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Vast tracts of unspoilt wilderness make Finland a top destination for trekkers and those seeking to get back to nature. The best remedy to bones chilled by the snow and ice is a nice long spell in a sauna; however, if you are going ‘native’ then during your sauna you need to go and have a roll in the snow or take a plunge in an ice hole in a nearby lake. Finland is home to a big hunting, shooting and fishing fraternity, but if this is not to your taste then coastal areas offer some excellent sailing during the season of the midnight sun.
Finland has two official languages: Finnish and Swedish, the latter being spoken by about six percent Finland’s population of five million. English is widely spoken, particularly in tourist areas and in the capital Helsinki.
Prospects for teachers are good with there being opportunities in everything from trade and technology colleges to Universities and language institutes. There is considerable enthusiasm for learning English, and many institutes teach specialty English for aspects of business or commerce, such as computing.
Helsinki, the capital, is particularly strong on art and architecture, and there is plenty to see and do. Outside of this, then it’s time for the wilderness and the prospect of teaching summer camps, etc.
Anyone wishing to teach in a state or private school must expect to have a degree, a Post-Graduate Certificate in Education and a TESOL qualification. Two year’s teaching experience is often a requisite, though language academies are often less demanding in terms of experience and qualifications. A TESOL certificate will get you a long way.
With this said there are a plethora of adult education colleges, universities, and civic and workers’ institutes, which are less stringent in their requirements. In addition to this there are a great many language institutes offering both general and specialty courses in English. Furthermore, it is the habit of Fins to send their children to linguistic nursery, or kindergarten, where English is the language in use. In Finland there is considerable enthusiasm for learning English, hence the market is broad and the students are highly-motivated.
When trying to get work in advance it is useful to contact the British Council in Helsinki, which keeps a list of about twenty private institutes (firstname.lastname@example.org). In addition to this it may be useful to contact the Federation of Finish-British Societies in Finland (www.finnbrit.fi). Richard Lewis Communications is a big player (www.crossculture.com) and has offices in most of Finland major cities. Linguarma is a well established company and worth contacting (email@example.com).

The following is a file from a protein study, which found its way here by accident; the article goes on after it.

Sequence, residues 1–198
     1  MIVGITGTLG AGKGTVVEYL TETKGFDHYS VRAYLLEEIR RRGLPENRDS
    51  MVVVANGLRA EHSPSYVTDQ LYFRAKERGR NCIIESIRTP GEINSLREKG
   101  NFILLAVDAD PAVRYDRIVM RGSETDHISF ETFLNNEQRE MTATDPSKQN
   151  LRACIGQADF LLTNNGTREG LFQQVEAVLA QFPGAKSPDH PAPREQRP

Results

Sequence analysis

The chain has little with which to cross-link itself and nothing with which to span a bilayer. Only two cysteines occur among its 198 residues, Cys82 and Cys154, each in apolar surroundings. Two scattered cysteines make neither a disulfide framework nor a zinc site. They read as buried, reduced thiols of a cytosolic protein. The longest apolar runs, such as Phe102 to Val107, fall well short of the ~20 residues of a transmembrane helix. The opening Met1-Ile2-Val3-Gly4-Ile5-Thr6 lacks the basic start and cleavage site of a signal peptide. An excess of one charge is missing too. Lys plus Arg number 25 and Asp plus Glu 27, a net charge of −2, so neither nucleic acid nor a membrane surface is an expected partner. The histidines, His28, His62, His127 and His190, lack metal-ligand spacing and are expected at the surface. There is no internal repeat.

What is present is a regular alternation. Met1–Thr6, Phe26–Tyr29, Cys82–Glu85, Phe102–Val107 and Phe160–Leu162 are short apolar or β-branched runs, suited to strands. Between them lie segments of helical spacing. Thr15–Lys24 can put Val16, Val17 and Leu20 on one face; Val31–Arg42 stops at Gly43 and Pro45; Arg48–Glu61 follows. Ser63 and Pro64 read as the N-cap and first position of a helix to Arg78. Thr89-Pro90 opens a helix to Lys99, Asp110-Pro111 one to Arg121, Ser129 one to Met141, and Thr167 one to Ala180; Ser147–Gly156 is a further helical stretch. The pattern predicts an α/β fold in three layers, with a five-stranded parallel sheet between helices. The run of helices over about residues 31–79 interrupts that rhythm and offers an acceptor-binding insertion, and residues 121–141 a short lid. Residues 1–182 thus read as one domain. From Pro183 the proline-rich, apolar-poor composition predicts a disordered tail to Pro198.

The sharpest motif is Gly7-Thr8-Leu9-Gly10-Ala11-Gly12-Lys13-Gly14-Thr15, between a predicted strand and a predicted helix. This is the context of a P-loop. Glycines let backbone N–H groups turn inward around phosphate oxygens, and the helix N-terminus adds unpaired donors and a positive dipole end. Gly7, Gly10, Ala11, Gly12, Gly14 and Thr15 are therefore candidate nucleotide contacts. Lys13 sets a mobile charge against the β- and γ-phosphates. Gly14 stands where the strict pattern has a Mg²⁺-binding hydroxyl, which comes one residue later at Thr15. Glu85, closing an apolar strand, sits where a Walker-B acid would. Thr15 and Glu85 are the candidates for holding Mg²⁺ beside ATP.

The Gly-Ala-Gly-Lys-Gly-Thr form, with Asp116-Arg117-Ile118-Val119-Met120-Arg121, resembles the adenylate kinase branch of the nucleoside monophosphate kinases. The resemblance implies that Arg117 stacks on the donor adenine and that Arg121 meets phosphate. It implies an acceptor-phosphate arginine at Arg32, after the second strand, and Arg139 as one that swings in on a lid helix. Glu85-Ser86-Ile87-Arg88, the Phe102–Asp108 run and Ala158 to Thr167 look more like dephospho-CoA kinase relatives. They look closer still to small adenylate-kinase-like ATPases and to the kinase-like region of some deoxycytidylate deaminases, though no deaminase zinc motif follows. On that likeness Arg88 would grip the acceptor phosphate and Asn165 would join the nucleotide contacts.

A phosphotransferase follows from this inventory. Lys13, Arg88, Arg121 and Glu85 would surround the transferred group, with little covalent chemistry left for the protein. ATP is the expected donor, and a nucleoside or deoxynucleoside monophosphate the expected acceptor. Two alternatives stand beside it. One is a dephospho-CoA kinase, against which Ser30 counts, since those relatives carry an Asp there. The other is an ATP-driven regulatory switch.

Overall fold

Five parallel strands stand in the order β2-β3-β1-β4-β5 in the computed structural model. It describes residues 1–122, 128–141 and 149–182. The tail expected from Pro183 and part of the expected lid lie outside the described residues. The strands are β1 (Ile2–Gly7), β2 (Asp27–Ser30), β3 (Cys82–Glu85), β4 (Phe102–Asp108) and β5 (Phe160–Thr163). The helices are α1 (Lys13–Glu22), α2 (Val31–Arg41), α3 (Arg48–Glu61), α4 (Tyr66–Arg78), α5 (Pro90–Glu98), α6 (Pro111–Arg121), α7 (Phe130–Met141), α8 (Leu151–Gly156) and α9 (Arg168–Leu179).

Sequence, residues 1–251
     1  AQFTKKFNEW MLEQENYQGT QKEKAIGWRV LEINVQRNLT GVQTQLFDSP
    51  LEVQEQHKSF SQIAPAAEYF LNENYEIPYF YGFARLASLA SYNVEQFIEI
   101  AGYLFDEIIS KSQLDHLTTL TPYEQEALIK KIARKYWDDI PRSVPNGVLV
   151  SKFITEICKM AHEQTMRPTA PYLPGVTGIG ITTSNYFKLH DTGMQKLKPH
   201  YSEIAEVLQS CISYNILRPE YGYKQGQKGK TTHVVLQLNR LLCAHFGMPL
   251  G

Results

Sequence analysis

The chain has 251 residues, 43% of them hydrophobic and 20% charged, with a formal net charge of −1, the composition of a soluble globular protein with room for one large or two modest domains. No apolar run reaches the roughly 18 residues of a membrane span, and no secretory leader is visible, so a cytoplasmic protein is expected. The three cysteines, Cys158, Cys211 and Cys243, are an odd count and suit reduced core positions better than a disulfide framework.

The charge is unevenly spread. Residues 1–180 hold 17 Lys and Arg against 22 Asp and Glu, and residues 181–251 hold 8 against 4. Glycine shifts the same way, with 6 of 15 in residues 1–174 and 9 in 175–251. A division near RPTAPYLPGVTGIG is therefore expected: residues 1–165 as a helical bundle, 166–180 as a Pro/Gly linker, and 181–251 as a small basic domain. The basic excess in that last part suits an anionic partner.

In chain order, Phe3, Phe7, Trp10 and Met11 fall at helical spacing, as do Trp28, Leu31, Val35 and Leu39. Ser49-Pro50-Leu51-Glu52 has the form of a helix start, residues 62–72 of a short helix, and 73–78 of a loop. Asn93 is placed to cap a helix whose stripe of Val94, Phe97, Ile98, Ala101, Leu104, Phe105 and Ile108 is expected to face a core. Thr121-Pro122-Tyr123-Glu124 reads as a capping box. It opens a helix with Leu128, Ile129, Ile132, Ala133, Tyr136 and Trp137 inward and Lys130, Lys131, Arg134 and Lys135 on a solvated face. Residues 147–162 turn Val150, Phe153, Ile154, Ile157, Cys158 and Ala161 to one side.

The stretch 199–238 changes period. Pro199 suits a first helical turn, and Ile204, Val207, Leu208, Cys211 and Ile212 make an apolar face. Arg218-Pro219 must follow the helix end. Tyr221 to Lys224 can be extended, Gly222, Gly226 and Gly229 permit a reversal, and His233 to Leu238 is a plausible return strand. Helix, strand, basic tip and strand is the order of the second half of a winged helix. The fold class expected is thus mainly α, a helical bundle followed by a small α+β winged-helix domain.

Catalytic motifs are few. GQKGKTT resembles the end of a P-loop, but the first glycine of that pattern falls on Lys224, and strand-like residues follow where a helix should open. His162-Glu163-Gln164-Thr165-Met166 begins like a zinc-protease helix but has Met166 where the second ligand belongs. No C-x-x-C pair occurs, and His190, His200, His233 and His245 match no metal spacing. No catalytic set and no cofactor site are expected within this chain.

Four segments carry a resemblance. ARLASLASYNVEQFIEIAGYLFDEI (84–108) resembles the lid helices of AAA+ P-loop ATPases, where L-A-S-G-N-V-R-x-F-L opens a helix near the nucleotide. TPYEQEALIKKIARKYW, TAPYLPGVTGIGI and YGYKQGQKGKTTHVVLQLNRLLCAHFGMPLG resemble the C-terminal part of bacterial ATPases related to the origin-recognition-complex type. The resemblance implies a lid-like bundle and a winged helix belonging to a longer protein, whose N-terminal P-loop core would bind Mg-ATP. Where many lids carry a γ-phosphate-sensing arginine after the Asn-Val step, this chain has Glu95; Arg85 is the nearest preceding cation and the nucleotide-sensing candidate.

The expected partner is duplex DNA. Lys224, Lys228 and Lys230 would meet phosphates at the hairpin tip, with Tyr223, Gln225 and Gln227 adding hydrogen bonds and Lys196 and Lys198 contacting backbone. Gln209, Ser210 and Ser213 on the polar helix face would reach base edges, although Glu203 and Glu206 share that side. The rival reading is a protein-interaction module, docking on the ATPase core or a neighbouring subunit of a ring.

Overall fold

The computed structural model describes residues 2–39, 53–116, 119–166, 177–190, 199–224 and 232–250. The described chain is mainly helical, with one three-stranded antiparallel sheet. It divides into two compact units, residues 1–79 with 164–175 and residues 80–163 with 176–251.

On the spot then it is useful to try and track down English societies and English Language press. The Finish Yellow Pages is a good place to look for schools and colleges, and in addition to this placing ads for conversation tuition in bookstores, tobacconists and news agents can be useful.
Most institutions are not prepared to go through seriously difficult process of hiring native English-speaking teachers from outside of Europe. However, in some cases it is easier to place teachers from the US than from other countries, such as Australia and New Zealand. Non-EU citizens should check with the Finish consulate in their native country to look for language exchange programs, etc. Americans may wish to contact Interexchange (www.interexchange.org), of New York, who run an exchange program. In addition to this the America-Scandinavian Association (www.amscan.org) will have details of other student exchange programs.
One of the complications is the reciprocal social security system that exists within the EU. High schools are required to register their staff for a social security card and also pay part of their contributions, they are generally not willing to take on anybody who is ineligible.
Most individuals working for institutes are self-employed, or ‘freelance’. Therefore, they are responsible for paying their own tax and social security. New arrivals are required to register with the police, organize a bank account into which their wages will be paid, and get a tax number from their local tax office.
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This video shows how the theory of "Total Physical Response" (TPR) led James Asher to develop a new teaching methodology